This was the message inside my Christmas card this year. Written with a Kuretake Calligraphy marker, and reduced. The ascender of the final d in ahead, as originally written, sloped too far to the right. This was rectified in Photoshop — first, I selected that portion of the letter, then used Transform/Skew to bring it in line with the slope of the rest of the message. Finally, I cleaned up the d by cloning and erasing parts of the letter.
Sunday, December 27, 2009
Monday, December 14, 2009
Friday, December 11, 2009
Monday, December 7, 2009
On the left is a poster-sized mocktail menu for a fund-raising event organized by a student group (of which I was staff adviser). As my students knew I practised calligraphy, they asked if I would supply the handwriting for the menu — I was, of course, delighted to, and so wrote out all the menu items using a black calligraphy marker. On the right is one such sheet of writing, which the group leader, Adrian Tan, scanned, cropped and rearranged to form the poster on the left.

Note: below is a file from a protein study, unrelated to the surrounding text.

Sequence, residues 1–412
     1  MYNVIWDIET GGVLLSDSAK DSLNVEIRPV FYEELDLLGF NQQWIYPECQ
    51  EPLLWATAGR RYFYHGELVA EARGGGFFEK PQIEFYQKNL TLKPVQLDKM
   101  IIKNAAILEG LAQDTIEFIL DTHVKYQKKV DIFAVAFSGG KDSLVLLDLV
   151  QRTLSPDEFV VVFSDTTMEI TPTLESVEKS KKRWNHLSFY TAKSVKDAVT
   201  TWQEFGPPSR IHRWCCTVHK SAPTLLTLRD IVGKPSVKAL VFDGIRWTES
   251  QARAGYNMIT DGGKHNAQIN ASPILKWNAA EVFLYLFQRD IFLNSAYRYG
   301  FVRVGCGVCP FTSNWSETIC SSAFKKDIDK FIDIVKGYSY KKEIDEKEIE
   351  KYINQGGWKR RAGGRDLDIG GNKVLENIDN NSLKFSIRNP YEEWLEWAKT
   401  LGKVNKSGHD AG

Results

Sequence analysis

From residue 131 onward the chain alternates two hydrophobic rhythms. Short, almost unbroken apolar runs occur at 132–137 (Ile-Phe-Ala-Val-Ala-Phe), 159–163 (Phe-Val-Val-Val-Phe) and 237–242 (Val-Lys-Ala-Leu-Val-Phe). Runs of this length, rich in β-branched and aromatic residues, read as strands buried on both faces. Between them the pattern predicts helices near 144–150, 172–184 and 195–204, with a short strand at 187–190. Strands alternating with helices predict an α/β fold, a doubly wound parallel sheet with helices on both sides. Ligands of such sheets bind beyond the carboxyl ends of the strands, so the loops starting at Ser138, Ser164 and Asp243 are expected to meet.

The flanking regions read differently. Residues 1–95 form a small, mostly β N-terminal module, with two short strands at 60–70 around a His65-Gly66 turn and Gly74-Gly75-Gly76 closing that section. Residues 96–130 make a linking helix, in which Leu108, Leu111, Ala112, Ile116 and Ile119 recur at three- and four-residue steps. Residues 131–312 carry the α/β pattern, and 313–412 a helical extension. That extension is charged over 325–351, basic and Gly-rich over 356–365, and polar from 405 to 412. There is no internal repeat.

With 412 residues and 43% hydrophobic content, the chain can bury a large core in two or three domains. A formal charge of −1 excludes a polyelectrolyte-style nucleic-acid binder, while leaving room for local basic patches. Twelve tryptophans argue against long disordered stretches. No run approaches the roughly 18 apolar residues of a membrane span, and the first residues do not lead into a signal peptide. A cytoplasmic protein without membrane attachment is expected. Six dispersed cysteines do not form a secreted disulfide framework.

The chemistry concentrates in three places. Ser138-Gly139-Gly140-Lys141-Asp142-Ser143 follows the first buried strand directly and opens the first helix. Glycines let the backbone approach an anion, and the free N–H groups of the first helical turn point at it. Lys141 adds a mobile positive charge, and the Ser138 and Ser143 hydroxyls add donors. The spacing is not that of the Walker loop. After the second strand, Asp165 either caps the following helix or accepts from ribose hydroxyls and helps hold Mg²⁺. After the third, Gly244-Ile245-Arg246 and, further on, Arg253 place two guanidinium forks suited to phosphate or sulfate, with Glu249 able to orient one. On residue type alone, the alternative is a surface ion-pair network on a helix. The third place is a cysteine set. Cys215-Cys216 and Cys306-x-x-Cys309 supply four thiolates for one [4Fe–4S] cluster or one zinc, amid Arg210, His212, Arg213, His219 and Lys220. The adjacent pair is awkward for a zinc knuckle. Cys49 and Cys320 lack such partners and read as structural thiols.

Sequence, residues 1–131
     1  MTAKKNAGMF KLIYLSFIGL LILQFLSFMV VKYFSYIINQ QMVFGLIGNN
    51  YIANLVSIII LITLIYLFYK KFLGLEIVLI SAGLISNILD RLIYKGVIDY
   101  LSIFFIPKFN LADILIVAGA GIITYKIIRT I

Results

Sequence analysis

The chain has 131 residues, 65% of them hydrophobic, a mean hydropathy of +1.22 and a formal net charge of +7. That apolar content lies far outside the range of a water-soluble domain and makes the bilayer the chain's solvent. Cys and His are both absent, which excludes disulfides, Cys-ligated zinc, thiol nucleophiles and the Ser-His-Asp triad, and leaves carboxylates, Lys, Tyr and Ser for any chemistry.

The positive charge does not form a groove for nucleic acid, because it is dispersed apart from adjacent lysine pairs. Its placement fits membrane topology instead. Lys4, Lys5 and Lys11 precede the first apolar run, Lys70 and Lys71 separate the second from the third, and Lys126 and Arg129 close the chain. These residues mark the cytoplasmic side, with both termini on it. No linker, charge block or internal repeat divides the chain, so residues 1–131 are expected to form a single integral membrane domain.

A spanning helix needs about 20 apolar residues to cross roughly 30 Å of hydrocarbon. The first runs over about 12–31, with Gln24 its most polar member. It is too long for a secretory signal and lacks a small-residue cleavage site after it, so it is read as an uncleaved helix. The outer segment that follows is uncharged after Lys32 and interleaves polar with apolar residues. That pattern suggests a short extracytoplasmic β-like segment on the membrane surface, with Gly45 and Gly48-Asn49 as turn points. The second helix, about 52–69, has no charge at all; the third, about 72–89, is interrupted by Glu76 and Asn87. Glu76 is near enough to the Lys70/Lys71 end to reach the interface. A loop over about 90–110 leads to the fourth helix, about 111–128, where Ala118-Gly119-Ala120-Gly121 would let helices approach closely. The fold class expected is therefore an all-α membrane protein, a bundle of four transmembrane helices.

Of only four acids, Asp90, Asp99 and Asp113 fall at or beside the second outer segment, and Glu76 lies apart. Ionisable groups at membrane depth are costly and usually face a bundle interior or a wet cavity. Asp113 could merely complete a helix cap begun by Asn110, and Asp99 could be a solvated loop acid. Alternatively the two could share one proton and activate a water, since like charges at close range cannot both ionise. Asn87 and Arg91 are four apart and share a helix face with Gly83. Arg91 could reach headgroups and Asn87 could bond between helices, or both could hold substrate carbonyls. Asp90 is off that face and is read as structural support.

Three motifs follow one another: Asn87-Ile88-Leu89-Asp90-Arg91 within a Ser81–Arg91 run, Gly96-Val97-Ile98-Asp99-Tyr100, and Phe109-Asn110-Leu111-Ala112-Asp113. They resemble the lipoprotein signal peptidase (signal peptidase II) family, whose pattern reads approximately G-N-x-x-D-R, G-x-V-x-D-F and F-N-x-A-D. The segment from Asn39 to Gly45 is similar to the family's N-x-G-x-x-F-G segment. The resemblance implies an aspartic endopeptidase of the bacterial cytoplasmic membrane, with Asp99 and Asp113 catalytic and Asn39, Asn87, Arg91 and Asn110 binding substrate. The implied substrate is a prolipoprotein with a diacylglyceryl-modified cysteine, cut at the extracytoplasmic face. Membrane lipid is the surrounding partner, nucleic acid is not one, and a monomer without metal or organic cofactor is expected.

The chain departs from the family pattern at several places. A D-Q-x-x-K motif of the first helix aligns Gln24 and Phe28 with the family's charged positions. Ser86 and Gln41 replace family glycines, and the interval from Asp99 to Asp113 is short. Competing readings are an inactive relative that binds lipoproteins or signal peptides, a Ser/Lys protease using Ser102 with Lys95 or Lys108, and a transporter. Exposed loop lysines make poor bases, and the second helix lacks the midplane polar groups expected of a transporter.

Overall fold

Who says students don’t give their tutors homework? :-)
Sunday, December 6, 2009
This batch of wedding invitations and envelopes, however, was done fairly recently, in April 2008. I almost invariably turn down such jobs because they are incredibly taxing on the mind and especially the eyes, and demand far more time than I can usually afford — but the person who commissioned these was very nice and extremely persuasive, so it was a pleasure to be able to do this for her and her husband-to-be. It also helped that this was a very small job, just 22 or so sets of envelopes and invitations.
My greatest fear came true, however — the beautiful gold envelopes had their colour printed on them, not dyed in. This meant I couldn’t write with my usual gouache and had to look for an alternative. Fortunately I tried Daler Rowney Acrylic ink, and it worked beautifully for the most part, although the nature of the ink meant that I had to be careful to flush and wipe the pen every so often, and could not achieve the fine hairlines that good gouches like Talens produce so easily.
Thursday, December 3, 2009
Writing ‘Copperplate’ is a tactile experience — one has to know where to press the nib in order to get thick strokes and where to begin gradually easing off; and one needs to be gentle yet controlled on light, unpressed upstrokes. With lots of practice this comes naturally — and it begins to feel like the rhythm of breathing.